Sophie and Jack were yesterday confirmed New Zealand's most popular baby names of 2008.
Jack has led the boys' list for the past four years, while Sophie moved in to replace the previous year's favourite Ella, now in third place, according to the Births, Deaths and Marriages office of Internal Affairs.
The Internal Affairs list includes a number of the quirky and less-than-popular names as well.
Flight of the Conchords star Jemaine Clement's daughter is named Sophocles Iraia, while other left-of-centre choices included Ardeth (a character from the movie The Mummy), Benaiah, (a Biblical term meaning "God has built"), and Jazyah (a poll-tax historically required of infidels by Muslim conquerors).
Internal Affairs refused to register Fish and Chips, Masport, and Mower, Yeah Detroit, Stallion, Twisty Poi, Keenan Got Lucy, and Sex Fruit.
United States baby name expert Laura Wattenberg - who has studied world trends for 30 years - said Sophie and Jack had a lot in common.
They were familiar, traditional names that had not been common for the past 30 years and they had a fashionable arrangement of consonants and vowel sounds.
Rohanna McCann of Glenfield, Auckland, chose the name Sophie for her second child, born on September 17, 2008, for no other reason than that it rolled off her tongue every time she looked at the unnamed baby.
It was not a name she had lined up before the baby was born: "I didn't even like the name when I was pregnant," Rohanna McCann said.
She was surprised to hear the name was top of the list of popular baby names. Sophie Townsend has an older brother Lukah, 2, and Rohanna McCann does not know any other babies with the same name as her.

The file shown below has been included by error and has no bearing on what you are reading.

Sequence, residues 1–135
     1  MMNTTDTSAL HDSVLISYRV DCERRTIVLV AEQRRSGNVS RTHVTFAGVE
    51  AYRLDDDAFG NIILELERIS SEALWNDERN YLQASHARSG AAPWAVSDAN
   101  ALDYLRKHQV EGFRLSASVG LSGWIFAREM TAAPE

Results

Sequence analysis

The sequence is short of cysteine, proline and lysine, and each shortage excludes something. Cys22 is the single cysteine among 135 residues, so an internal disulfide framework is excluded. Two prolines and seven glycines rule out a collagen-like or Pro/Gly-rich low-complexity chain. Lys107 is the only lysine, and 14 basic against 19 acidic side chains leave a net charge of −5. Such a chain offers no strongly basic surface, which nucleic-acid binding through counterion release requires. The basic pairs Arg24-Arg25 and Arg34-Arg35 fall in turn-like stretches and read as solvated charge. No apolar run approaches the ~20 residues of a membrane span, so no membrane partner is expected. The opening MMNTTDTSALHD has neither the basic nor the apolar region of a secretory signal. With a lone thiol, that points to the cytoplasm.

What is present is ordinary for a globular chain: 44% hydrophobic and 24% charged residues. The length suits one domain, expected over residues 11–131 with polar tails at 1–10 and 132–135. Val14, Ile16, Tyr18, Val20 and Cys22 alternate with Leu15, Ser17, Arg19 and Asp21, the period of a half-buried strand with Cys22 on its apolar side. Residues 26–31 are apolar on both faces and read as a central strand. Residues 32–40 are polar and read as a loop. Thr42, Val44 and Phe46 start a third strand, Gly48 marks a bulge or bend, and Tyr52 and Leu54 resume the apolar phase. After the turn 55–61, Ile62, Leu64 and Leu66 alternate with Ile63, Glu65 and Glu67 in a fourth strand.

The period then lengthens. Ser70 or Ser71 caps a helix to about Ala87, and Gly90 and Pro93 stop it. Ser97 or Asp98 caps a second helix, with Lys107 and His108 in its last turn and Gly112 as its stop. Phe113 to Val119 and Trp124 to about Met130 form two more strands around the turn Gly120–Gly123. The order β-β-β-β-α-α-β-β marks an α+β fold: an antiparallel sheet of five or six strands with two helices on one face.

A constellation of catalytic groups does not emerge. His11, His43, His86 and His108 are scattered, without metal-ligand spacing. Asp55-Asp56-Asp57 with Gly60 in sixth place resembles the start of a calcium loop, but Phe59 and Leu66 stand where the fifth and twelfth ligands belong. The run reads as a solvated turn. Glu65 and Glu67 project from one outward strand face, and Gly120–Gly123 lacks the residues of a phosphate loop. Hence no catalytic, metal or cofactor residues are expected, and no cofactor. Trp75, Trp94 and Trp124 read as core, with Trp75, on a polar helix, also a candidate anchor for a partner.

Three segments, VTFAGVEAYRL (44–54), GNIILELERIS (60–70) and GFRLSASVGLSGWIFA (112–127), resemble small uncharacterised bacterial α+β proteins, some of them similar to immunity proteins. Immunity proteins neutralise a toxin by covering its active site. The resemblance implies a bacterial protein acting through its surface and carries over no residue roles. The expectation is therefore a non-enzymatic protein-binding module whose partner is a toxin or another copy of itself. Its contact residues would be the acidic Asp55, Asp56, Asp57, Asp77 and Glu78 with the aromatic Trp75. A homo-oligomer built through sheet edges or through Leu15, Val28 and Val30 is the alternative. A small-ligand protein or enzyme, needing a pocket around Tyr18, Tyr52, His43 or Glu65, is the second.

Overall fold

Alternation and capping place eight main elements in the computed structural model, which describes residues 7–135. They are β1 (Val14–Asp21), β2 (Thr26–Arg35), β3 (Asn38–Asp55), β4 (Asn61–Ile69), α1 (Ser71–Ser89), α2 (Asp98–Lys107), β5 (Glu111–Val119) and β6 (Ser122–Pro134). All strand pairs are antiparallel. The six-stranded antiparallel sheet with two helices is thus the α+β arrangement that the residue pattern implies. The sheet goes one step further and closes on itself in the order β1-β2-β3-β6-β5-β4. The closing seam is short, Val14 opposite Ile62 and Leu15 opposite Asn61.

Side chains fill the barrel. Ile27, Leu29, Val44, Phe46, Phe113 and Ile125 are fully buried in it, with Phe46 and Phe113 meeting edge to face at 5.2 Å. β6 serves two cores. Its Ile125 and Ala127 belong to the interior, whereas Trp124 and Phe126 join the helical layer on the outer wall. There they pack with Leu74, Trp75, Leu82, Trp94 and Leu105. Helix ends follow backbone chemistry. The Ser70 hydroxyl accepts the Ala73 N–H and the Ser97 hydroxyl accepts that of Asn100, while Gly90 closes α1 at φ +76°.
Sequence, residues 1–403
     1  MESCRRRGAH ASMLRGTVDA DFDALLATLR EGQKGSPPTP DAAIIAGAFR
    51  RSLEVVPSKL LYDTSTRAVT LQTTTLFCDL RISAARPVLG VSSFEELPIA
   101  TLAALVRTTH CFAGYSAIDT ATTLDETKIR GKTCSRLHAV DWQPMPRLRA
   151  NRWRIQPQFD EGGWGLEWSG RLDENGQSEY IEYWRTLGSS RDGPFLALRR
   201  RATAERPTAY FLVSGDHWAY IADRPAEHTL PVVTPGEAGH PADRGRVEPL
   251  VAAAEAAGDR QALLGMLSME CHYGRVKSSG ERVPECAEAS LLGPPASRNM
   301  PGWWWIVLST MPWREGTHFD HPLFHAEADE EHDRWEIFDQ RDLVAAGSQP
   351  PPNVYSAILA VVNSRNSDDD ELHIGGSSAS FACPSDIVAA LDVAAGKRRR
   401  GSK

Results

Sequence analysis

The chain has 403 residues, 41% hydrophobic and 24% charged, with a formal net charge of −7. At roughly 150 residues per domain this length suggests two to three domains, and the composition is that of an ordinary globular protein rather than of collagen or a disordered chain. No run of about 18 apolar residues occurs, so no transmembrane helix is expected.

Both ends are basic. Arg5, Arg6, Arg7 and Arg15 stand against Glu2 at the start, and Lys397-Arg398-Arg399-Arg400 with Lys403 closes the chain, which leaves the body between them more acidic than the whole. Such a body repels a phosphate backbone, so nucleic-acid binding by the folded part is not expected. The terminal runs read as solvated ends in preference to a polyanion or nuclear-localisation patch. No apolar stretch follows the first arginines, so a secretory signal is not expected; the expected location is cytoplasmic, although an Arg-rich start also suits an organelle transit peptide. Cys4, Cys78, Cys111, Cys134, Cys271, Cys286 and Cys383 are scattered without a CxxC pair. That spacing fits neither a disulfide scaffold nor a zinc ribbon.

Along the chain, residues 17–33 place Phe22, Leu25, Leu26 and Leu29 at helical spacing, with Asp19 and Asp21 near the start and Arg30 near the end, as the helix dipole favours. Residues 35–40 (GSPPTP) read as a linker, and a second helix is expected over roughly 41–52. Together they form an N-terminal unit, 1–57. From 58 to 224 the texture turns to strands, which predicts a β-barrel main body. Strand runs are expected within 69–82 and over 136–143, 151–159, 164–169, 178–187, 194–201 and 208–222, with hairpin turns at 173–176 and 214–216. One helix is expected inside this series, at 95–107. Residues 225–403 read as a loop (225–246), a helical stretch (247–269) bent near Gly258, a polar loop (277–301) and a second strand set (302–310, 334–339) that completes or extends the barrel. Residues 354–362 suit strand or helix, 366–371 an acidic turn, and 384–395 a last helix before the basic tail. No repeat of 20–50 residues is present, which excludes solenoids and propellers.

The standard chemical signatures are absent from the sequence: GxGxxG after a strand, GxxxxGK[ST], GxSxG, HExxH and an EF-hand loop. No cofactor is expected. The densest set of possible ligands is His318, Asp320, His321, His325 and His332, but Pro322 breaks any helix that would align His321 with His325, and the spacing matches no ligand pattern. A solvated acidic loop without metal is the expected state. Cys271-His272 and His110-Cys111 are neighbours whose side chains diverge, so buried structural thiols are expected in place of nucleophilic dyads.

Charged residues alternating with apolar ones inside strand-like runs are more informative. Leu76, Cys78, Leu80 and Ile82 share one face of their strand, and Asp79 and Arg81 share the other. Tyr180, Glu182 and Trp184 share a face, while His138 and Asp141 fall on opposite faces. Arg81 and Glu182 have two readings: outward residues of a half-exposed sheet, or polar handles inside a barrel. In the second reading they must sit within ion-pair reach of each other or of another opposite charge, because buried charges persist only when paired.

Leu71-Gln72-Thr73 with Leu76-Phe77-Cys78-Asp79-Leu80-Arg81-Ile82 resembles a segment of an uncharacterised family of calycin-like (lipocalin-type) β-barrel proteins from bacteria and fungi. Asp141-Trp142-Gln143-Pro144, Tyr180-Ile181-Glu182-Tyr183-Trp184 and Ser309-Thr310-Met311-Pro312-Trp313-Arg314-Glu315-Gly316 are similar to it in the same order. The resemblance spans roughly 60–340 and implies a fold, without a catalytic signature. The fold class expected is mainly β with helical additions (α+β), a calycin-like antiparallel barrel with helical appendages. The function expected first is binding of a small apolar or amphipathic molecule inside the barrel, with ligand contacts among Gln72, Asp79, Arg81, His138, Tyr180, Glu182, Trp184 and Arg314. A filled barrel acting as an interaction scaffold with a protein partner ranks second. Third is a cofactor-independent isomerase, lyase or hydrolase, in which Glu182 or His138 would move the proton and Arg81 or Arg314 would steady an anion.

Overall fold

Sophie, or Sofie derives from the Greek Sophia, meaning "wisdom", and is popular all over the world, however you spell it, Laura Wattenberg said.
"There is something about the name that speaks to parents all over the world today."
Like many of the others in the list of top 30 names for girls, Sophie was popular in the 1900s.
It also follows the trend of soft vowel sounds Emily was the the most popular name in the United States last year, Olivia was Britain's favourite and Mia was the most popular name for girls in Australia.
Isla made it on to the list of top 30 names in New Zealand this year. Lila is one of the hottest names in the US.
Laura Wattenberg said she would not be surprised to see Ida coming back.
"Parents' names sound boring, grandparents' sound old but our great-grandparents' names start to sound more interesting," Laura Wattenberg said.
Jack dominates the charts in English-speaking countries. It is the top name in Britain and Australia, while in the US Jacob is most popular.
Wattenberg said there was no coincidence that Jack and Jacob were the most popular names. "The 'J' and the 'K' sounds are incredibly popular. It sounds good to us now. Sounds have styles that change just like haircuts and hemlines," she said.
Jack, which is Hebrew and means "God is gracious" was exclusively a nickname for John until this century.
"Jack has a hard crunchy sound. Most boys names now are softer and ending in consonants like 'N' but some parents could be looking for a harder, more boyish sound," Laura Wattenberg said.
She said the high turnover of other boys' names on lists was a relatively new trend as historically popular boys' names would hold their position for years.
But in 2008 New Zealand's list saw Riley jump from number 17 to sixth place on the list, Logan and Joseph were bumped off the list while George and Charlie slipped on.
Vincent dropped off the top 100 altogether and Brooklyn jumped from number 100 to 87.
"We are rushing to find things that are new and fresh so there is a faster turnover than there used to be," Laura Wattenberg said.
Each year some of the popular names were inspired by celebrities but Laura Wattenberg said usually the number one name wasn't.
Girls top 30
Boys top 30